Understanding the functions of the thousands of uncharacterized genes in sequence databases is among the most significant challenges in biology. The primary goal of this proposal is to define the biochemical and physiological functions of 235 uncharacterized genes in NIAID Category A (Bacillus anthracis and Yersinia pestis) and Category B (Brucella abortus and Coxiella burnetii) priority pathogens. These bacterial pathogens are highly infectious and have had a profound effect on global health both historically and currently. Included in this set are 185 predicted protein coding genes, 59 of which have no evidence of expression. The remaining 50 genes in our set are expressed, or are predicted to be expressed as small, non-coding RNAs (sRNAs). Our state-of-the-art research infrastructure at the Howard Taylor Ricketts Regional Biocontainment Laboratory (HTRL) and Argonne National Laboratory (ANL), and our integrated expertise in biochemistry and microbiology make us an ideal team for this interdisciplinary gene function assignment project. Our proposed research program will 1) yield important data on the function of uncharacterized genes in priority pathogens, 2) define the role of numerous uncharacterized genes in processes tied to bacterial pathogenesis, and 3) will produce useful biological and biochemical reagents for the pathogen research community.
A full understanding of pathogen biology requires an understanding of how pathogen genes function at a biochemical level. Experiments proposed herein will define the biochemical function of uncharacterized genes implicated in disease processes in four NIAID priority pathogens. Project 1: Functional and Biochemical Characterization of B. abortus Stress Response Genes Project Leader: Sean Crosson DESCRIPTION: The immediate goal of this project is to define the cellular and biochemical functions of 57 uncharacterized open reading frames (ORFs), hypothetical proteins, and small non-coding RNAs in B. abortus. Our preliminary data provide evidence that these genes have a functional role in general stress adaptation and chronic mammalian infection. General stress response (GSR)-dependent transcription in B. abortus is controlled by the sigma factor SigE1. Our preliminary investigation of SigE1 and its upstream signaling partner PhyR have demonstrated that these regulatory proteins are required for adaptation to oxidative and acid stress in vitro and for maintenance of chronic infection in a BALB/c murine model. We have experimentally defined a set of 108 genes that are directly or indirectly regulated by SigE1. Within this regulated gene set are 32 uncharacterized open reading frames (ORFs) and nine small non-coding RNAs. Additionally, we have identified 16 hypothetical genes that are adjacent to or in apparent operons with SigE1-regulated ORFs but for which we have no evidence of expression. We propose to: 1) Test strains in which these genes have been deleted in oxidative and acid stress survival assays, and in cell-based and animal infection assays, 2) elucidate the biochemical functions of these hypothetical proteins and SigE1-regulated ORFs in collaboration with our Biochemical Function Technology Core, and 3) characterize the biochemical function of putative non-coding RNAs under transcriptional control of SigE1. These experiments will provide a comprehensive (in vivo and in vitro) functional understanding of conserved and non-conserved B. abortus genes that are currently uncharacterized.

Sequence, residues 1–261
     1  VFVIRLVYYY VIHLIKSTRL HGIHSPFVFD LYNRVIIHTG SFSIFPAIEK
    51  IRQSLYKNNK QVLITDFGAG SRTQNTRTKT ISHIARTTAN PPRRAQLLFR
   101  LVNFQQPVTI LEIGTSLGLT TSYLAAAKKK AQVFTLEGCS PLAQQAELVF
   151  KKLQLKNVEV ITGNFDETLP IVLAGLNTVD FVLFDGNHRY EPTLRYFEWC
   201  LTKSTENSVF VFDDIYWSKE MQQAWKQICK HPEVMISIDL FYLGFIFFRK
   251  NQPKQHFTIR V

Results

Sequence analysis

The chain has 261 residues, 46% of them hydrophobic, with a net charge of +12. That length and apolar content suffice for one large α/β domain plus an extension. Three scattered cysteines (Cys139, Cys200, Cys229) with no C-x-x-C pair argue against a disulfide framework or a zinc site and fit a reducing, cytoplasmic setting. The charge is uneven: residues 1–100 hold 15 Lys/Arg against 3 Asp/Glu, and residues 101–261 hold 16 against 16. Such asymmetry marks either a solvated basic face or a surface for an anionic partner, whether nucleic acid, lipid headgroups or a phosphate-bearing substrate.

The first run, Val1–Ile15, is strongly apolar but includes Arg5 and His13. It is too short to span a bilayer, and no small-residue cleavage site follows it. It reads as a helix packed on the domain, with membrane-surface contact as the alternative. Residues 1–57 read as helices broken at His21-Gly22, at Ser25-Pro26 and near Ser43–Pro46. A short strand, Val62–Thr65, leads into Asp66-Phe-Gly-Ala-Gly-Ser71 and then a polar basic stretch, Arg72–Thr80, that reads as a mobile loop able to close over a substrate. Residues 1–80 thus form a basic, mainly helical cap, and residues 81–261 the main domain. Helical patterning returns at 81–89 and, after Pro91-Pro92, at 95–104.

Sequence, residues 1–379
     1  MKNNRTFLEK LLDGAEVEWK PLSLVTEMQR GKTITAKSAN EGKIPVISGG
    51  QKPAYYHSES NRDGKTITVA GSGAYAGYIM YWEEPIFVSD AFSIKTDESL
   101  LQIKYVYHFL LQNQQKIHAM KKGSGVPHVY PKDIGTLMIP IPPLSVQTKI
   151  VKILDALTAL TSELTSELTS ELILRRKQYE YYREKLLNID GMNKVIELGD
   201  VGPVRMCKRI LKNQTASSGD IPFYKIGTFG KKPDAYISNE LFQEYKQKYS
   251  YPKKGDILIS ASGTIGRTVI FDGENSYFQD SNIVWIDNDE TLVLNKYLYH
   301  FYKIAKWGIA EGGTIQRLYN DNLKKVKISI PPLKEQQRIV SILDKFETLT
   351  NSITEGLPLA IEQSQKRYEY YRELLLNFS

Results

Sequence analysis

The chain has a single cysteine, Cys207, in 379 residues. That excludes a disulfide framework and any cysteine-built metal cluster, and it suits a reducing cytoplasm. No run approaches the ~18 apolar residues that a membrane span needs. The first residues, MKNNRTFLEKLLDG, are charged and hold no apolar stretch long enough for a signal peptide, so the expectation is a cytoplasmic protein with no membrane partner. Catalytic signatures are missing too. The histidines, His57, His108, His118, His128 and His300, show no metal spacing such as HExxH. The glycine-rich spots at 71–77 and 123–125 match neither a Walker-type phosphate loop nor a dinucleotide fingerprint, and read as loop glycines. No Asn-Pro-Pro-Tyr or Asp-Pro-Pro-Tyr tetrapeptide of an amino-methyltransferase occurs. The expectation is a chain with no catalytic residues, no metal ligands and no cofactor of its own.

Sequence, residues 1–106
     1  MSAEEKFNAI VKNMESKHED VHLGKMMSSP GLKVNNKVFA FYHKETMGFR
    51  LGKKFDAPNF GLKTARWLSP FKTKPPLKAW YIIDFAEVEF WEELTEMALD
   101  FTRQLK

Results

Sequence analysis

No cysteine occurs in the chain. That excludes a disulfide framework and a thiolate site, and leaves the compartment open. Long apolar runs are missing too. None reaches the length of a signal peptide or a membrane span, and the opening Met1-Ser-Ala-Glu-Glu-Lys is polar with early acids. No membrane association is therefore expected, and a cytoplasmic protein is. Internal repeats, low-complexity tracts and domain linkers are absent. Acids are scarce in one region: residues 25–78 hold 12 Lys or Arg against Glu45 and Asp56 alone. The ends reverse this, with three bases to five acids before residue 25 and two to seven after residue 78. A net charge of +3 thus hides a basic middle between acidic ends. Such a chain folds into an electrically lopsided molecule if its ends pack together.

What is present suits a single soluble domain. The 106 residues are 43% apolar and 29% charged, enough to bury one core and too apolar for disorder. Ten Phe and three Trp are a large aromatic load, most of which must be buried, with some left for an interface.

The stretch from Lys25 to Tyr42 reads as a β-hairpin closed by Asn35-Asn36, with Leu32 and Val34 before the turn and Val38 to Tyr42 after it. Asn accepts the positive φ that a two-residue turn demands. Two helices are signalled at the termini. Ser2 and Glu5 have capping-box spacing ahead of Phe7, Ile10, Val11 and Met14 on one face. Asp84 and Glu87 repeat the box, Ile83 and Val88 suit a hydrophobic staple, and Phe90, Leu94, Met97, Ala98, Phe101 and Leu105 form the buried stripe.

Brucella spp.are the causative agents of brucellosis, which is among the most common zooneses globally. Due to their high infectivity, easy aerosolization, and debilitating effects on infected individuals. Brucella spp have been classified as a category B bioterror threat by the U.S. Centers for Disease Control (CDC). Experiments proposed herein will define the biochemical function of uncharacterized genes implicated in regulation of B. abortus stress physiology and in the control of chronic brucellosis disease.
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